An international LGBT gathering in Taiwan was cancelled Friday after global organisers demanded the self-ruling island’s name be removed from the 2025 event — a move slammed by the government.
Taiwan is claimed by China, complicating its participation on the world stage and restricting its formal diplomatic relations.
WorldPride Taiwan 2025 said it cancelled the gathering after organisers InterPride asked to change the event to “WorldPride Kaohsiung”, naming it after the southern Taiwanese host city instead.
Taiwan’s government blamed politics for interfering with the event — which it said would have been the first of its kind in Asia, and would have advanced regional diversity and equality.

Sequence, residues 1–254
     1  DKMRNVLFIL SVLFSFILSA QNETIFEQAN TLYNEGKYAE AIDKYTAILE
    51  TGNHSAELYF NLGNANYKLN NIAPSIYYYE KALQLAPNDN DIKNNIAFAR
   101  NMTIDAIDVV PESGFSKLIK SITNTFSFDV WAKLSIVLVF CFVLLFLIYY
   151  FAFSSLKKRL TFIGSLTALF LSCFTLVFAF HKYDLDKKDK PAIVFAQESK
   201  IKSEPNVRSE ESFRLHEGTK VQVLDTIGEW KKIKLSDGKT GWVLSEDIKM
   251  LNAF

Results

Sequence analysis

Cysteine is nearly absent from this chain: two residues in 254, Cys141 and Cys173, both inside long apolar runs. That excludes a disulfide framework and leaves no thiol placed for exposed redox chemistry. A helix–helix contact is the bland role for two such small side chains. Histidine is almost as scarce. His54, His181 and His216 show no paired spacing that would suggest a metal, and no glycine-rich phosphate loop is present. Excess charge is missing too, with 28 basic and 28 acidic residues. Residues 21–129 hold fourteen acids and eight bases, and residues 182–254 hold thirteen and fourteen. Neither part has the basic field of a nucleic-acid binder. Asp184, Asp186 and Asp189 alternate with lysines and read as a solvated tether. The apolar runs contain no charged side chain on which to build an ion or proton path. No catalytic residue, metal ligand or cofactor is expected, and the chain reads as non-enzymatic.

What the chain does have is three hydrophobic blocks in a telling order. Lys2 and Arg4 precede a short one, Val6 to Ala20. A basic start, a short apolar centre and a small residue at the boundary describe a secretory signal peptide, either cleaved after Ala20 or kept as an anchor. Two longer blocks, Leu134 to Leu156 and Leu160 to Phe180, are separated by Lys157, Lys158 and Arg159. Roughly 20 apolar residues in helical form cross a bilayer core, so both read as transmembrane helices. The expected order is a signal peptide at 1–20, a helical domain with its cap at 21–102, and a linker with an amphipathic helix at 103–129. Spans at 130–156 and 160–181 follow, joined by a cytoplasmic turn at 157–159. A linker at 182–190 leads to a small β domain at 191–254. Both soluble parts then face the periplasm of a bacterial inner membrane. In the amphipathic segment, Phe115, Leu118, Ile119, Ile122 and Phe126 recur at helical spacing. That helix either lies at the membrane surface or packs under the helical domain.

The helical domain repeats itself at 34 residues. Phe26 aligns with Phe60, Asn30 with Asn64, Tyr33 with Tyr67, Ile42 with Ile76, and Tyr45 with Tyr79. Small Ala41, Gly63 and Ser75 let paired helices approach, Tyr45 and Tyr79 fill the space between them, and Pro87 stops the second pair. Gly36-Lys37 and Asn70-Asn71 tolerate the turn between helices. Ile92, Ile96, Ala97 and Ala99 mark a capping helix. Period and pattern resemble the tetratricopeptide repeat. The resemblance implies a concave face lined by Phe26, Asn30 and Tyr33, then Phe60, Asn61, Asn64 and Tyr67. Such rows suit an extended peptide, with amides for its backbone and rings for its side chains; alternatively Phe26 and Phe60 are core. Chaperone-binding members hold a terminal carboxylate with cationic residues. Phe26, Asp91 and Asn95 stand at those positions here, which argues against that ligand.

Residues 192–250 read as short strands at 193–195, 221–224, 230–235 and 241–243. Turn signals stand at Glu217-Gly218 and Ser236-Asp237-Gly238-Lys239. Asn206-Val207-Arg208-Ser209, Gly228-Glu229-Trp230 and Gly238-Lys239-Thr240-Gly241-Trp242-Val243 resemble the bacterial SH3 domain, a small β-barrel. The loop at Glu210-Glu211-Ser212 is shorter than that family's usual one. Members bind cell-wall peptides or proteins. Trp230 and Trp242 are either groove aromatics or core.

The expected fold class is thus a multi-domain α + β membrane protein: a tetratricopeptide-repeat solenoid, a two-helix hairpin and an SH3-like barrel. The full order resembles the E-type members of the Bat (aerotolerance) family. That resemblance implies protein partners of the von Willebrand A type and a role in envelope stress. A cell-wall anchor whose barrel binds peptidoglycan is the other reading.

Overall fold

“Taiwan deeply regrets that InterPride, due to political considerations, has unilaterally rejected the mutually agreed upon consensus and broken a relationship of cooperation and trust,” Taipei’s foreign ministry said in a statement.
“Not only does the decision disrespect Taiwan’s rights and diligent efforts, it also harms Asia’s vast LGBTIQ+ community.”
InterPride did not immediately respond to a request for comment.
Taiwan, which won a bid to host the WorldPride event last year, is at the vanguard of a burgeoning gay rights movement in Asia and was first in the region to legalise same-sex marriage.
WorldPride’s committee said it took the decision “for the best interest of the LGBTIQ+ community in Taiwan” and that members would resign from their positions.
Taiwan is home to a thriving LGBT community and a record 200,000 people attended a pride march in Taipei in 2019 to celebrate the legalisation of same-sex marriages.
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